While it’s good to be understanding and supportive when our teens’ relationships go awry, remember that gaining life experience sometimes hurts. “It’s not necessarily a bad thing that your child has a failed relationship and a broken heart,” says Direnfeld. It might help your teen choose a partner more wisely next time.
5. Avoid pregnancy and STIs
During a recent exchange on Todaysparent.com, several forum visitors thought it might be good to stock condoms in a “don’t ask, don’t tell” jar. Others thought that this sends the wrong message, arguing that sexually active teens should be responsible for going to the drugstore on their own. Of course, most parents are generally horrified by the very idea of their teens having sex.
“Normal adolescence includes sexual behaviour and experimentation,” says Direnfeld. “We have to understand that as a given, whatever our moral position.” But, he adds, “the research tells us that parents who share their morals and values are influential in their children’s sexual decisions.” Whether you’re preaching abstinence or you’re more tolerant of sexual activity, make sure your teens understand the consequences of an unwanted pregnancy and sexually transmitted infections (STIs) and know how to protect themselves.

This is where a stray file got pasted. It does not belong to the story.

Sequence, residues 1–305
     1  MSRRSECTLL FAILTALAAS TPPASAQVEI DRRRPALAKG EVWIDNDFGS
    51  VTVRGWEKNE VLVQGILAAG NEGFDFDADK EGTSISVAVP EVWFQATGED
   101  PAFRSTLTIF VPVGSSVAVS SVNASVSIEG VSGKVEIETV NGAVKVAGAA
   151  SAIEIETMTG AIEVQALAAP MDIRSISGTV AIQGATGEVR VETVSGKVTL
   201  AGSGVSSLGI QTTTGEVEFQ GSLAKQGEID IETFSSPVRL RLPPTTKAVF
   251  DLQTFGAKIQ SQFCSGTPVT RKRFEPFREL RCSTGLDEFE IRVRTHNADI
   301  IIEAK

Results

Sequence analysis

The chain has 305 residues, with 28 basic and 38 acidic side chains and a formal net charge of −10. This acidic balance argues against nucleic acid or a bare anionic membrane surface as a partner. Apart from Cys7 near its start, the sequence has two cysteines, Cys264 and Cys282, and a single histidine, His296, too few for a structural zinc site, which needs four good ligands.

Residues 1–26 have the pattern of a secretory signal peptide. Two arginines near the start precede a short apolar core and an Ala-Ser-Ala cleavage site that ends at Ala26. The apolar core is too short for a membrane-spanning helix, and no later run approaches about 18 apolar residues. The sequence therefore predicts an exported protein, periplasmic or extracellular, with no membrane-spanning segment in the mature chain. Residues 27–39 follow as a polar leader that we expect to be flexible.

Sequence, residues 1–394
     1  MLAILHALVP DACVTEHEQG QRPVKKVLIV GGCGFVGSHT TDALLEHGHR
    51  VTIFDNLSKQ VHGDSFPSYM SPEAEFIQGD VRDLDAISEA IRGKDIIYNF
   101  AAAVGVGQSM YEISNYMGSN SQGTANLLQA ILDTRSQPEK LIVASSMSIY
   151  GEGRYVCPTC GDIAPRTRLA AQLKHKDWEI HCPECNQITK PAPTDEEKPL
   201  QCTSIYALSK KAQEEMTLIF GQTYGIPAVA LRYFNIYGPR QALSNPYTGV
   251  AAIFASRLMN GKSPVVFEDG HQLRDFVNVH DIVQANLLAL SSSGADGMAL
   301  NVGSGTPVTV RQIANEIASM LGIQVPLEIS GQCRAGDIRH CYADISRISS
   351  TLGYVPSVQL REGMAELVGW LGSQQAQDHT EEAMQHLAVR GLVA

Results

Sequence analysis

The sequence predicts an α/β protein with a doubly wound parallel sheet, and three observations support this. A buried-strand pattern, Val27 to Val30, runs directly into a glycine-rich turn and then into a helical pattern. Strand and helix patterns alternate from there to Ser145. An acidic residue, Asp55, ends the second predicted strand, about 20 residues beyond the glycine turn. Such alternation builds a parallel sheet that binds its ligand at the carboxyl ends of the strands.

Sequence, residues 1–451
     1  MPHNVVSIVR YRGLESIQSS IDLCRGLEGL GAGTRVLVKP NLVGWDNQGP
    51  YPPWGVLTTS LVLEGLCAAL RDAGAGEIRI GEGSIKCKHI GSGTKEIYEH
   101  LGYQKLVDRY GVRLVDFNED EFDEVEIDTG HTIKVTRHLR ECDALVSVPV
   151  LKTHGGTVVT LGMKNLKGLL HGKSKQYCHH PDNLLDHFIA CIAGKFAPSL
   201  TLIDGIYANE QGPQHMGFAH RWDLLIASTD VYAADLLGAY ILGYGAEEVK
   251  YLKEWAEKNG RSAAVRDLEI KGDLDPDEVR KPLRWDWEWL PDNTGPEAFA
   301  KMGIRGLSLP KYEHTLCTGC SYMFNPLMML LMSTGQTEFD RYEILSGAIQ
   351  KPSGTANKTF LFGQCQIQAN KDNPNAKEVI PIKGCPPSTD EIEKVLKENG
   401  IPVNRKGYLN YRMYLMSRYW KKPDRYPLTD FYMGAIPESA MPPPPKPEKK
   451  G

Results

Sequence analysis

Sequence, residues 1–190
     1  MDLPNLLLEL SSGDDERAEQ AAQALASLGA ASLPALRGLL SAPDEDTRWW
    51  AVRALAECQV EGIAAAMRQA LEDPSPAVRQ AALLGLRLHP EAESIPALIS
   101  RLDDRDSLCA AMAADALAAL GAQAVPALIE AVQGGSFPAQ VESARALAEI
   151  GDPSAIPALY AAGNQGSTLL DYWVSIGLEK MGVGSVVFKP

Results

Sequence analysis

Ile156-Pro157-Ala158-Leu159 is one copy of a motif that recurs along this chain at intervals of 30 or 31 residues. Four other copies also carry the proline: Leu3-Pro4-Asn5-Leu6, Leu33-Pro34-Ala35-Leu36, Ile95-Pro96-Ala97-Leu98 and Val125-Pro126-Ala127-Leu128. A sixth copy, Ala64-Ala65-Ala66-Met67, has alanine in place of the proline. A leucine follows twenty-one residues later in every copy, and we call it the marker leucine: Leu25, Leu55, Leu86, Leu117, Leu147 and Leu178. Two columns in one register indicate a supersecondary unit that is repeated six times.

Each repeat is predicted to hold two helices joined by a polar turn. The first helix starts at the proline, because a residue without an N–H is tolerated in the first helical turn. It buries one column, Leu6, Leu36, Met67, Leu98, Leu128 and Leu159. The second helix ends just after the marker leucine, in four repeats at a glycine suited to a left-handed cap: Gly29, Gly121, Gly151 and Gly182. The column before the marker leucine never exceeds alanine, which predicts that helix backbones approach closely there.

Lynn offers another suggestion: “Ask your family doctor to talk to your teen about sexual activity, and make it clear that whatever is said between doctor and child is confidential. Some doctors aren’t sure whether it’s OK to talk to kids about these issues.”